Sportsdrome Speedway provides a four-act theatrical event of motorized drama. Transmission junkies will be able to revel in the spectacular sights and octane-based smells of multiple races, as each night features the Dromer Oval, the Dromer Figure 8, the Oval Xtreme, and the Xtreme Winged Figure 8 series. Suspend all cognitive thought as cars inevitably plow into each other during the speedway's figure-8 racing on its X-shaped track. Afterward, fans can try to get their favorite driver to autograph a racing hat or original copy of the Magna Carta.
Combining stadium-grade obstacles with challenging natural terrain, the Podium 1 MotoPlex tests the mettle of bike-bound athletes of all ages. When not busy hosting motocross races, track stewards carefully maintain the racing surface, working the soil and adding sawdust to keep it loamy, and extensively watering the track for dust-free conditions. The track also boasts a climate-controlled building for cooling off and a concessions area with nutrition-packed treats. On occasion, the track even welcomes nonwheeled competitors. The Podium 1 Adventure Run lets racers trade diesel engines and protective bodysuits for foot-powered speed and mud-splattered bare skin, converting the MotoPlex’s serpentine motocross track into a challenging 5K adventure race sprinkled with at least 20 obstacles, including mud slides and tire swing runs. Photos can be taken on the podium at the end of the race.
Owners Larry and Angie Doherty utilize their more than 20 years of combined education and supervision experience to make Outside In Family Fun Center a safe, entertaining destination for adults and demi-adults alike. Putt away cares with a loved one during a saunter through the center's 18-hole minigolf course (prices varies by age), or set a youngster (12 years or younger) loose in one of the cartoon-clad inflatable bounce houses to see how long it takes for him or her to get tired or befriend a migrating bullfrog. Outside In is open seven days a week, from 10 a.m. to 9 p.m. Monday through Thursday, 10 a.m. to 10 p.m. on Friday and Saturday, and 1 p.m. to 8 p.m. on Sunday.
Chronicling the history of the Howard Shipyard, the Howard Steamboat Museum displays a plethora of steamboat artifacts within a 22-room Romanesque-revival mansion that was built in 1894. Visitors to the Howard mansion step into the nineteenth century, as they can admire original furnishings, brass chandeliers, stained-glass windows, intricate carvings, and primitive steam-powered laptop computers. While walking through the preserved halls, patrons have access to a collection of exhibits, including detailed full- and half-hull models, as well as more than 4,000 original photographs and paintings. Inspect the original paddlewheel from The Delta Queen, study artifacts taken directly from the Robert E. Lee and the Natchez, or browse the gift shop for the ideal present for a seafarer.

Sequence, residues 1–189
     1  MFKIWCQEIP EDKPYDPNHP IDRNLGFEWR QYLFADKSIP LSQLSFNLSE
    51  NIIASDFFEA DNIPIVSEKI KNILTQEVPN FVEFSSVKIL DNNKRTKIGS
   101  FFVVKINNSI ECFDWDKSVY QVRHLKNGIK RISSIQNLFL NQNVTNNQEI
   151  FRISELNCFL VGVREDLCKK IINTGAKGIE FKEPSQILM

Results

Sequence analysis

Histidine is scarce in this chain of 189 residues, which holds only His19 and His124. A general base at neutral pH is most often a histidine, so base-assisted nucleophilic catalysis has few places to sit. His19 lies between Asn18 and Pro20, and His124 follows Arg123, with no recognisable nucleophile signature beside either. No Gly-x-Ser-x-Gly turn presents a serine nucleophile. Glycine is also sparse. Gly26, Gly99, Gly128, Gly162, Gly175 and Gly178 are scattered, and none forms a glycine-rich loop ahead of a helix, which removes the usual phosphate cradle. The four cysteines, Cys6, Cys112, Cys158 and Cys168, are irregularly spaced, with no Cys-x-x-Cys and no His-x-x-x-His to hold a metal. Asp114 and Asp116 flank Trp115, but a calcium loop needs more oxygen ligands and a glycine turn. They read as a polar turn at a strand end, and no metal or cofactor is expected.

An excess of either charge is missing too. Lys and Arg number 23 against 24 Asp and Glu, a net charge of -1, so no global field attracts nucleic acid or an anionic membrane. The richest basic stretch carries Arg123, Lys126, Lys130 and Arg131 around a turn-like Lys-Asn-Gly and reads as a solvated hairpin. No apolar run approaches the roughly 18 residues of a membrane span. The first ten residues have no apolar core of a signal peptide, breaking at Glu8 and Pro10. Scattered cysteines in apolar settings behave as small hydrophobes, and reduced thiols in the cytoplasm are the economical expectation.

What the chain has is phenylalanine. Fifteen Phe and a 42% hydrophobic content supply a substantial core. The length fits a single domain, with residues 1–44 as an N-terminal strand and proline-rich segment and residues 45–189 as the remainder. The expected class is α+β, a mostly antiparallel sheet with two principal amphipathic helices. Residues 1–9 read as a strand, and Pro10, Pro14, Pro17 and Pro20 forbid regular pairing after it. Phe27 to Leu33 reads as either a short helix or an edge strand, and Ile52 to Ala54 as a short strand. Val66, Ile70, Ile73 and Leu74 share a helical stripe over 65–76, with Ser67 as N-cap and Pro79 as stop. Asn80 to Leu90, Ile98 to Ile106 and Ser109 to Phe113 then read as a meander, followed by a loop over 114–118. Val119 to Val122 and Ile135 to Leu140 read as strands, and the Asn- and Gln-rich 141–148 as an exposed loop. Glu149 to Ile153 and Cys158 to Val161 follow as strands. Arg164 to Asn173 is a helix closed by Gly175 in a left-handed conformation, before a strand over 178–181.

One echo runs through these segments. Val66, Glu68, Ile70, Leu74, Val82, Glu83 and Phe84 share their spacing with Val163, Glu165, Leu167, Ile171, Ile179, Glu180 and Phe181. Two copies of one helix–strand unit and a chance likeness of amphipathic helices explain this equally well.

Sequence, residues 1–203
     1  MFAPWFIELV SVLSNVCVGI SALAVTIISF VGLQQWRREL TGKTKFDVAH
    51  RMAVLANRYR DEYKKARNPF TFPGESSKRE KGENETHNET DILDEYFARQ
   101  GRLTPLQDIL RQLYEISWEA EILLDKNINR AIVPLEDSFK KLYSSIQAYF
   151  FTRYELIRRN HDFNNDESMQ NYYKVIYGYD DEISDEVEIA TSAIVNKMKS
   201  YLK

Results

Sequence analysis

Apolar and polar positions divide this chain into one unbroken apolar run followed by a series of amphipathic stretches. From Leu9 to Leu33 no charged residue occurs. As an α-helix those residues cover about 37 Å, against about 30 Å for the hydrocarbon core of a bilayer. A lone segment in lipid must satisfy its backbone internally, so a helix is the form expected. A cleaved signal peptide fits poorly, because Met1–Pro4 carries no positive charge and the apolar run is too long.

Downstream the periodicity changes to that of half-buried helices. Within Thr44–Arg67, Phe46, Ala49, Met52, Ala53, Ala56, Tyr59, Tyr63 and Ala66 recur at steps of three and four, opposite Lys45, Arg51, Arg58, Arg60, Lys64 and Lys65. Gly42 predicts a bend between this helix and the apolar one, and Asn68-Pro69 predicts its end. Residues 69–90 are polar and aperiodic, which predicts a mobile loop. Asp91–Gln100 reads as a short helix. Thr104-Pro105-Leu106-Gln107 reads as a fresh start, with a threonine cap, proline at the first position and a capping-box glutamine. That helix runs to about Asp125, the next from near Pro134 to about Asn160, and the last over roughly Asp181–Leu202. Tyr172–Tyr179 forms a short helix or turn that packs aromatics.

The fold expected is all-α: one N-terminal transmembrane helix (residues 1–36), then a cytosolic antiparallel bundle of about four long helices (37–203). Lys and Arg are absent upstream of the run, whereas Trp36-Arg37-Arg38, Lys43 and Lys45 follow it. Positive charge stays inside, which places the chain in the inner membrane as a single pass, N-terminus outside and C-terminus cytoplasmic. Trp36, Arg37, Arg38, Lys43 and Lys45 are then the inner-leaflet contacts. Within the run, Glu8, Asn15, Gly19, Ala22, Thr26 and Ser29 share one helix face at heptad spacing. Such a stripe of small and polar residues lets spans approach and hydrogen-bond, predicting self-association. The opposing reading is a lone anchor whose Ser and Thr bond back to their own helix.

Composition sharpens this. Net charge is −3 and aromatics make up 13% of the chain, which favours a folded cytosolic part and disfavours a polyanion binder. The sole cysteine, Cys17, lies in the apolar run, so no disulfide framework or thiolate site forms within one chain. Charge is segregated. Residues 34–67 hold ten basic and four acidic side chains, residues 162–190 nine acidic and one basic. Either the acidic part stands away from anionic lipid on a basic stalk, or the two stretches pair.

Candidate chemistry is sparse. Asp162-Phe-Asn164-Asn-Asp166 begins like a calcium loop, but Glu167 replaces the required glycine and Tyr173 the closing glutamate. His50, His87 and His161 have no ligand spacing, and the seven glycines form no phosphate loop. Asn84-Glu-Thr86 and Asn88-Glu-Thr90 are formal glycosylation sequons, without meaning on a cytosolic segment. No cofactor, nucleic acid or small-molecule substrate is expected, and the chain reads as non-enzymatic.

As dawn breaks over the campsite, soldiers begin stirring in their tents. Some tend to breakfasts over campfires while others see to the artillery. It's a scene straight from a Revolutionary War encampment—and that's exactly the way the reenactors intended it. Each year, roughly 275 of them flock to Locust Grove to camp out for two days, each of which ends with an artfully staged mock battle.
But when visitors come to the 18th Century Market Fair, they won't just find battle awaiting them. Top-notch craftsmen and artisans also roam the grounds, hawking replicas of 18th-century military and household items. "It's all very reminiscent of the type of market days they would have had during this time period," says Locust Grove's program director, Mary Beth Williams. Cooks dish up stews, pies, and cornbread alongside wine, ales, and apple cider. Nearby, families and historical buffs alike cheer on jugglers, watch as women prepare meals in the colonial kitchen, and listen to live music. And it's not just adults and time travelers creating the historical scene. "There's a lot of re-enactors of all ages," Mary Beth says. "I think it's particularly fun for kids to see other kids running around in period costume."
The fair's grounds lend to the historical accuracy. William and Lucy Clark Croghan built Locust Grove in 1790, on 55 acres of rolling land. To this day, their original Federal-style house remains, with its separate kitchen, icehouse, spring house, and barn. Over the years, Locust Grove was inhabited by Revolutionary War commander George Rogers Clark and served as a stopping point for Lewis and Clark as they walked across America as part of an early Nike ad campaign.
Nearly three decade ago, New Orleans transplant Sharon Potter became so enamored with her new hometown of Kentucky that she raised 1.2 million dollars to assemble and present her own 4,000-image slideshow, KentuckyShow!, which celebrated the state’s unique beauty, culture, and history. In 2003 Potter was approached by the Louisville Convention and Visitors Bureau about the possibility of updating the visual spectacle and rose to the challenge with the help of seasoned producer Donna Lawrence and graphic designer Julius Friedman. The updated 32-minute documentary now amazes audiences with new high-definition images of the Bluegrass State, as well as narration by Hollywood starlet Ashley Judd and director’s commentary by Kentucky’s state bird, the northern cardinal.
Today, local and out-of-state visitors—enjoying jaw-dropping views of Kentucky’s gorgeous landscape and meeting some of the commonwealth’s most memorable characters from past and present—come to the Kentucky Center for the Performing Arts to feast their eyes on KentuckyShow!. Renée S. Gordon of the Philadelphia Sun referred to the majestic video tour as “an outstanding overview of the state’s multicultural history.”
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